NASCAR Transcript: Jimmie Johnson – Press Conference – 02.15.24

THE MODERATOR: We are joined by Jimmie Johnson.

Jimmie, quite a day for you. Tell us a little bit about the closing laps.

JIMMIE JOHNSON: I just have such a better appreciation for what many have gone through to race in. I was so fortunate for so many years to not have to worry about getting in on speed for a variety of different reasons.

Last year went well. We got in on speed. To go through that just now, literally have it come down to the last hundred yards of the Duel, that wasn’t in my playbook.

I’m glad I prepared as I did. I’m glad the team was ready. We had a very fast car. Unfortunately with the crash that took place that I was caught up in, pitting, just had us in an awkward position at the back of the field, the last car in either lane. Just tough to make something happen.

Coming through three and four, there was almost a wreck again. JJ chose one lane, I chose the middle lane. The middle lane prevailed by the time we got to the start/finish. Just as simple as that.

THE MODERATOR: We’ll start with questions.

Q. You said you’ve never been through this experience. After last night and the disappointment of not qualifying on speed, what was today like, the lead-up going into the race?

JIMMIE JOHNSON: Lead-up, I mean, I started the morning feeling good about things. We were working on our strategy. We understand what Toyota vehicles are going to do. We know how many cars are in our Duel. All these elements come together. Very optimistic kind of light day.

As I put my suit on in my bus before I walked out, the weight of the situation hit me and the butterflies started to kick up.

Once we settled in at the start of the race, I felt really good with my car. I mean, we had a really fast car. Was able to drive from the back to the front. Something just ran through my mind. I’m like, It’s not over. We have a pit stop, we have the end of the race, who knows what’s going to happen. Just keep my guard up.

Sure enough, I had two or three different moments that were quite challenging that maybe put a year or two on me. I mean, I’m literally going down the back straightaway, see the 44 car in front of me, he’s four or five ahead. The 19 has pulled out to help me, but he’s so far back, he’s not going to get to me in time.

I’m like, I’m not going to make it, not going to make the Daytona 500. I’m going to have to call all our partners. I’m going to have to stand in the suite during the 500 and shake hands, not drive a car. This is running through my mind as I’m catching him. I have to figure out a way.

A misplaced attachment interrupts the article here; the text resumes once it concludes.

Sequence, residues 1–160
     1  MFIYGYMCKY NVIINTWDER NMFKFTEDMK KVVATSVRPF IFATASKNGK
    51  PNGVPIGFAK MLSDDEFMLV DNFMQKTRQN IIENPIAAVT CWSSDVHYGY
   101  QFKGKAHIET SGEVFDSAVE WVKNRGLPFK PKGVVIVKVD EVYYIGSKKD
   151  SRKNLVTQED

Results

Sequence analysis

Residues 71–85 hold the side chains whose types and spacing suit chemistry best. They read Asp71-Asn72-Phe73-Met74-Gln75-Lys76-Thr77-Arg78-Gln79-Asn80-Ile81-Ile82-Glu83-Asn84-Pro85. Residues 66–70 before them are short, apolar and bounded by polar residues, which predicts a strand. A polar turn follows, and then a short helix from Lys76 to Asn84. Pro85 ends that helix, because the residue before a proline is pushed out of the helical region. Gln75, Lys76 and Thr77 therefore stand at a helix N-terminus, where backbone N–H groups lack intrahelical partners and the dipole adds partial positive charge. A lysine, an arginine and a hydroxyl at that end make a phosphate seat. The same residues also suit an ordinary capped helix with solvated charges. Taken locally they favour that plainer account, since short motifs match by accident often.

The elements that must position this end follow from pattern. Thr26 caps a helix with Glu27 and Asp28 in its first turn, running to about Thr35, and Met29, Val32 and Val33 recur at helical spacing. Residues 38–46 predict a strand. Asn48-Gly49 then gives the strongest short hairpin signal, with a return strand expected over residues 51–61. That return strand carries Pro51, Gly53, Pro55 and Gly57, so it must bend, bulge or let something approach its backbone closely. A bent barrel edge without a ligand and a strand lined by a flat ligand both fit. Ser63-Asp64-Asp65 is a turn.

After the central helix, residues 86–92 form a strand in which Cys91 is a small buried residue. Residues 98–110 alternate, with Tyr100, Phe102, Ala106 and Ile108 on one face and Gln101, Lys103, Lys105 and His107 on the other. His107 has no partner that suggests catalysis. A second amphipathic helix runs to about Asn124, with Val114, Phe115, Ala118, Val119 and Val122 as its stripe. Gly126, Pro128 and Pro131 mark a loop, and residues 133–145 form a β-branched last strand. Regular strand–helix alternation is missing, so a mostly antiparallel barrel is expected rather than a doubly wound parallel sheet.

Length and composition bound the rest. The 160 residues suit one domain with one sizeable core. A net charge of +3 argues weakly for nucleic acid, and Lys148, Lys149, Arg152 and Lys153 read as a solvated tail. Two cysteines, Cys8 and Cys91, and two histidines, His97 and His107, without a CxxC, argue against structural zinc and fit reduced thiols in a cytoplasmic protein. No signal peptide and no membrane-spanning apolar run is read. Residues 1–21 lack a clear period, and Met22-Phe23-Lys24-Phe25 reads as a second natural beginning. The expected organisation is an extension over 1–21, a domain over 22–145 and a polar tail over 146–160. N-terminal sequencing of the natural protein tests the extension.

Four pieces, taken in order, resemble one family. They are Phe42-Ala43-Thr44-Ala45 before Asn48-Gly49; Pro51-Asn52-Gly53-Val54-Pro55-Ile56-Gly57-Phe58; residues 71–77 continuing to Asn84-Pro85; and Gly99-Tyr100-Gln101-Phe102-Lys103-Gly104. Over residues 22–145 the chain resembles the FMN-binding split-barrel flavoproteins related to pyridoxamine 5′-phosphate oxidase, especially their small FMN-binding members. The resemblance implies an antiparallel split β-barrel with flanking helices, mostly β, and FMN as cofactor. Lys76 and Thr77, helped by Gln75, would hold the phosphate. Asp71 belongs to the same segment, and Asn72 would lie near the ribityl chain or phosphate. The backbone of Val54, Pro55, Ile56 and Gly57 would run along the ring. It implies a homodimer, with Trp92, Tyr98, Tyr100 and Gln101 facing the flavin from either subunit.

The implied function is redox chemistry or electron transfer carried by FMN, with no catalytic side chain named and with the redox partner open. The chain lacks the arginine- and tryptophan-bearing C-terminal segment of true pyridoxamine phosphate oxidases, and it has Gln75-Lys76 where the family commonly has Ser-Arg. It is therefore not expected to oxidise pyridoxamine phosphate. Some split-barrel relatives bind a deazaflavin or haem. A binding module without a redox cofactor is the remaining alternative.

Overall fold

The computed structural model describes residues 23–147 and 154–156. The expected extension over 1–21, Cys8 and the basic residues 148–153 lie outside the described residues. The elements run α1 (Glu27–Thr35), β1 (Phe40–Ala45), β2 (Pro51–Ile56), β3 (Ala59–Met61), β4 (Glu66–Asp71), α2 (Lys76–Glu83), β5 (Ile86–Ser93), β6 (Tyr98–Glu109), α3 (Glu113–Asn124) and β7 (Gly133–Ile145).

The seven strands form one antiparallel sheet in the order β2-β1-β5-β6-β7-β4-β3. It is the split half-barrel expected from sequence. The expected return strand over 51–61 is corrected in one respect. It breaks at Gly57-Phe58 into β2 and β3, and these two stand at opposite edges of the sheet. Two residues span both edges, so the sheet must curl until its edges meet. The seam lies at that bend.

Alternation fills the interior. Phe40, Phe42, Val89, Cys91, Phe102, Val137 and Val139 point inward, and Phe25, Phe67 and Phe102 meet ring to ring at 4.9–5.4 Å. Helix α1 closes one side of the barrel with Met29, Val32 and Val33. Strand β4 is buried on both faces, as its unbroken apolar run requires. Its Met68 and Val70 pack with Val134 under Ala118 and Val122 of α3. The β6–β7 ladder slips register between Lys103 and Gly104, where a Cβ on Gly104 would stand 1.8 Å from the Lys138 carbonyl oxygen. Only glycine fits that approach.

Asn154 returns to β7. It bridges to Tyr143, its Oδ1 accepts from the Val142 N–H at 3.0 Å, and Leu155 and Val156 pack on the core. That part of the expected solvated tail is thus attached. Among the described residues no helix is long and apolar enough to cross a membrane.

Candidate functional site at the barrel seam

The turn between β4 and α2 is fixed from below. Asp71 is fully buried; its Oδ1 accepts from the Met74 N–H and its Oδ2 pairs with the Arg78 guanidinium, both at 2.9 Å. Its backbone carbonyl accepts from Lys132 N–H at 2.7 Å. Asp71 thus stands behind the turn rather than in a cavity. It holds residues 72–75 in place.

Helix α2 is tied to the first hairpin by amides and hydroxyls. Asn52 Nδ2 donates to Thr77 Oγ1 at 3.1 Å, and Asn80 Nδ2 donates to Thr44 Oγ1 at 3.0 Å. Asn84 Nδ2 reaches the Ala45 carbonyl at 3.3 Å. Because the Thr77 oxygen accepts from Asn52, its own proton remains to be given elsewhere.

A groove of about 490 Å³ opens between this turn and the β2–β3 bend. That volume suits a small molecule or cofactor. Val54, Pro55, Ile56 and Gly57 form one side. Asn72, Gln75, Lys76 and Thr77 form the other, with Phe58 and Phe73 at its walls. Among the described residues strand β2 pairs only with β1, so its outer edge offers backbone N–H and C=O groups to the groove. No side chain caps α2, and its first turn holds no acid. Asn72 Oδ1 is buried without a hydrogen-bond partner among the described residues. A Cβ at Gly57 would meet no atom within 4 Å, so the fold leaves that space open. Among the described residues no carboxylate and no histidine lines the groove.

An almost wreck happens, leave it on the floor, hope for the best. Just went the other direction than JJ’s car, and it worked out.

Q. You had Martin, but you came on the radio multiple times frantic about needing help. Are you surprised the 43 never got back there?

JIMMIE JOHNSON: Yeah, I needed a pusher. Anybody does in that back lane. When it comes to the end of the race, it’s tough to get people to pull out or try to find a way to you.

I could have used a little help there. Didn’t get it, which is fine. We figured out how to do it on our own.

All the best plans that you set into place before the race starts, they always seem to go out the window when the race is taking place.

Q. It wasn’t an hour before the race I saw you, you were up doing hospitality. How do you switch that on and switch that off and get into the position that you needed to be in to get into the race today?

JIMMIE JOHNSON: Honestly, I’ve liked being busy. The more I sit, the more I have a chance to think. Being as busy as I was today, it allowed me to not let the weight of the moment hit me until I was putting my suit on.

I do like to stay busy. I wasn’t that way throughout my entire career, but in the later years staying busy has always been good.

Q. You went over to Yeley’s car afterwards. What did you say to him?

JIMMIE JOHNSON: We still had helmets on, so I shook his hand. That was the Duel. We had elbows out. I’m not sure if it was picked up, but we had some pretty good contact down the front straightaway. Just elbows out. It was like being on a short track, but we’re here at Daytona.

He raced as hard as he could. I respect the effort he put out and everything they did to try to make the race. We just cycled ahead there at the end.

Q. That level of desperation, can you compare it to any other time you felt something close to that, something that brings back what you felt tonight? Is this something you’ve never felt before in your career?

JIMMIE JOHNSON: You’re so helpless in a restrictor plate environment. The car isn’t necessarily handling. Your run comes from what other people do. It’s not like a normal track where you have anxiety driven by other factors.

Here, it was just the weight of maybe missing it, what that would feel like, what that would be like to miss the Daytona 500. That was the weight I felt on my shoulders, where the frantic nature came from.

When there was an opening to take, never lifted. At one point I hit the car in front of me pretty good. I was like, I think I’m clear of the 44, I’m in a good position. If I spin cars in front of me, I might have ruined my opportunity. Had to back out coming to the finish line not to spin the car out in front of me.

Q. What happened in the wreck with Austin? Did you think your day was over then?

JIMMIE JOHNSON: Yeah, there was a moment there where I wasn’t sure who was behind us. I thought I was going to get cleaned out.

I didn’t see what started it. I know we slowed up. That accordion effect. As that happened, Austin and I touched. We wiggled a bit. Almost had it saved. There was another car ahead of Austin, I’m not sure who it was, but they both came across my nose.

Went across the apron pretty hard. Hope the car is still straight, not too tore up underneath. That was probably the toughest impact the car made, was transitions down onto the flat.